- Zebra plants will grow best in bright indirect light.
- Zebra plants will tolerate lower light but will grow very slowly and need much less water.
- If this plant receives too much direct light the leaves may start to change to a red color. This is a stress color. Put your plant is a less intense light.
- Water Zebra plants when the soil is dry. These plants are typically drough resistant and can withstand longer periods of dryness compared to other houseplants.
- Watering is best done by drenching the plant thoroughly. Allow the water to run through the pot and then let it drain so no water sits in the bottom drain plate.
- Do not allow water to sit in the center of the leaves and accumulate.
- The recommendation watering cycle is every 2-3 weeks.
- Never let this plant get wet feet. Overwatering encourages root rot and fungus gnats.
How to Fertilize:
- Apply a good quality fertilizer (linked in materials) diluted by 50% once or twice in the summer months. Zebra plants do not need much fertilizer.
- Allow the Zebra plant to rest through the winter months.
- The Zebra plant will do best in temperatures between 30-85 degrees F. For this reason they can grow outdoors in climate zones 10a to 11b.
- Zebra plants are hardy resilient plants. However all plants can get attacked by pests.
- Stress by longterm overwatering, poor light, extreme temperatures and soil conditions are contributors to plant stress..
- Spider mites, mealy bugs, scale, thrips and whitefly are the most common houseplant pests you will see. Read our post on the seven most common pests and how to control them here.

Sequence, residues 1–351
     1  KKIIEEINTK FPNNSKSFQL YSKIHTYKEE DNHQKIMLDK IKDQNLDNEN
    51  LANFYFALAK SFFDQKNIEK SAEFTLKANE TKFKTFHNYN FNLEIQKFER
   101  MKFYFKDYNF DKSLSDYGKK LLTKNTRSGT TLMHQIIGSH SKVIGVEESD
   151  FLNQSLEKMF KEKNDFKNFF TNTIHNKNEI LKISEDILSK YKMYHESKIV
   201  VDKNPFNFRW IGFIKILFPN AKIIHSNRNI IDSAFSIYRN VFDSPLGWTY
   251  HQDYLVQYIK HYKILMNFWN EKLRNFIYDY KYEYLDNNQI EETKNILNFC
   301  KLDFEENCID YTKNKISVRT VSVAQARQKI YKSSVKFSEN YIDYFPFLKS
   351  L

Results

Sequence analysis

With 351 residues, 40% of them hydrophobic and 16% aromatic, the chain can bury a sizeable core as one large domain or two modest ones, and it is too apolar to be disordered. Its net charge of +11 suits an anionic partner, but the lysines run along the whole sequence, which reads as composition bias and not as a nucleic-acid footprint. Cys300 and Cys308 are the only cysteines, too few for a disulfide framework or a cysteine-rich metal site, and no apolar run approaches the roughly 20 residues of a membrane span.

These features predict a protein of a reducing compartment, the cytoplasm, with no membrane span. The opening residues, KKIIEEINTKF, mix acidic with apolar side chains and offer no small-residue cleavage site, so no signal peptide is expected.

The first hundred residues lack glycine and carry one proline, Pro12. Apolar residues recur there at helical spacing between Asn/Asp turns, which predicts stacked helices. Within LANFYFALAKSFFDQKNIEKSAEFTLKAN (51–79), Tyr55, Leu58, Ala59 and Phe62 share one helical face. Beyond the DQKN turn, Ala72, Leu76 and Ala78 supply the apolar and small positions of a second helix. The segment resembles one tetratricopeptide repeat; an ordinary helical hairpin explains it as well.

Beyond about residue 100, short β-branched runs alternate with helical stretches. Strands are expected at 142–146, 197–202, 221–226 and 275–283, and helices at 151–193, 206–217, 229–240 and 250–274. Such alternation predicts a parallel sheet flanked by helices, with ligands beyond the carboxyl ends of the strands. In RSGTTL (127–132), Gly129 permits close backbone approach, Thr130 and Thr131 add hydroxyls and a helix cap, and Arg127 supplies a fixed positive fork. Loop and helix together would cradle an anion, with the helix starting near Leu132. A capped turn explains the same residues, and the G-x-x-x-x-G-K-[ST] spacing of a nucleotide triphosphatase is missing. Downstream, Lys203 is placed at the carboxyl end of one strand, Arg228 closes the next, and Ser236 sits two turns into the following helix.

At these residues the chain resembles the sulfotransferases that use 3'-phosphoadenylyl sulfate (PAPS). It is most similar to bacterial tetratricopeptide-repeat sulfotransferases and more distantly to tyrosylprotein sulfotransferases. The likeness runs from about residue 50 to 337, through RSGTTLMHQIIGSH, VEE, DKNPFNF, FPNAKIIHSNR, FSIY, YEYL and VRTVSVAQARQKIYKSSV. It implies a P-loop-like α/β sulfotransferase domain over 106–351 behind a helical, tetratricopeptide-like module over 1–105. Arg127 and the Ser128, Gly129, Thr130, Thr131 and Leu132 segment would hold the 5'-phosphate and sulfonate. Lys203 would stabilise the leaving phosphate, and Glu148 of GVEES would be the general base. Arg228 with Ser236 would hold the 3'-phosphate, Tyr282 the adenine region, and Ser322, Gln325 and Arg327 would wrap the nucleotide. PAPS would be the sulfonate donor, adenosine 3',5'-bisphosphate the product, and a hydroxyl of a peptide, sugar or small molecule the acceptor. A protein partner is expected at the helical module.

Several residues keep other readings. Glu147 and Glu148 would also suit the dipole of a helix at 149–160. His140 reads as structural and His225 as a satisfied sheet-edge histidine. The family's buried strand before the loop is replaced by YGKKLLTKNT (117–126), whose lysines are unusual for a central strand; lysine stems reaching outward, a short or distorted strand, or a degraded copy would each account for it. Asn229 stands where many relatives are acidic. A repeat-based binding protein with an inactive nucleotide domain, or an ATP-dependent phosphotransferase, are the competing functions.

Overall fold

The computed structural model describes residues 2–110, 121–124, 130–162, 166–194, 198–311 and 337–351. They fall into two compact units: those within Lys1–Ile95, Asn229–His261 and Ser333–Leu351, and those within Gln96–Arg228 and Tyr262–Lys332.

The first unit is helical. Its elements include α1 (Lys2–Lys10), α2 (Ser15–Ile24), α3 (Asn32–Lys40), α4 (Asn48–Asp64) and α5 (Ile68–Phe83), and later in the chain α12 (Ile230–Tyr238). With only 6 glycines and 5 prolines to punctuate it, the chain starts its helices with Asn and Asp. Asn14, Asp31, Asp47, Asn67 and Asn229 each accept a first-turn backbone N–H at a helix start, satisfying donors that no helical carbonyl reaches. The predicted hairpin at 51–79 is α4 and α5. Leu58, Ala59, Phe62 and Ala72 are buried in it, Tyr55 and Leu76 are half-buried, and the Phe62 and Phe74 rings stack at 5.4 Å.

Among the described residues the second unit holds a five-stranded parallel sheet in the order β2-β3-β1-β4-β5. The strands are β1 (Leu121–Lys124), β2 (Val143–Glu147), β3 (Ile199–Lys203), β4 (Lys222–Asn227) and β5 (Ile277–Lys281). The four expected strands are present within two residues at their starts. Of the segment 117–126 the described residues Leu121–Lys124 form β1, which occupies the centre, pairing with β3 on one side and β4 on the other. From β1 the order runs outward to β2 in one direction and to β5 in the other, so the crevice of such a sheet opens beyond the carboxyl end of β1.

- Read our post on How to get rid of aphids and other pests with our homemade pesticide soap recipe or neems oil.
- To minimize the possibility of pests be sure to check all nursery plants before bringing them home.
- Quarantine all new plants until you are sure no pests live in them.
How to Propagate by stem cutting:
- Pull stem off the plant and let it dry for several hours to overnight.
- Plant it in a small pot in wet cactus soil.
- After several weeks roots will grow and settle the new plant.
How to Propagate by flower (most often outdoors):
Sometimes flowers will produce baby zebra plants. These can be snipped off the flower stalk and potted separately to make new zebra plants.
How to Propagate by Offsets:
- Zebra plants naturally grow new plants around their outer perimeter. These are called offsets.
- You can easily unpot your zebra plant and pull the offsets off the mother plant.
- Repot all the offsets in separate pots in cactus soil.
- Water thoroughly. They should be rooted.
The Zebra Plant is a rewarding and perfect plant for a beginner succulent parent. This plant will grow beautifully with just a little bit of care.
TIP: This plant loves air flow. Don't group it with a lot of other humid loving plants. An open window nearby with warm dry air will keep it happy through the warm months.
More Easy Care Succulent Plants:
There are SO many plants that are great for home decor. But not a lot of fuss. Here are three easy care succulents you are sure to enjoy.
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Read this article for more on the Haworthiopsis Taxonomy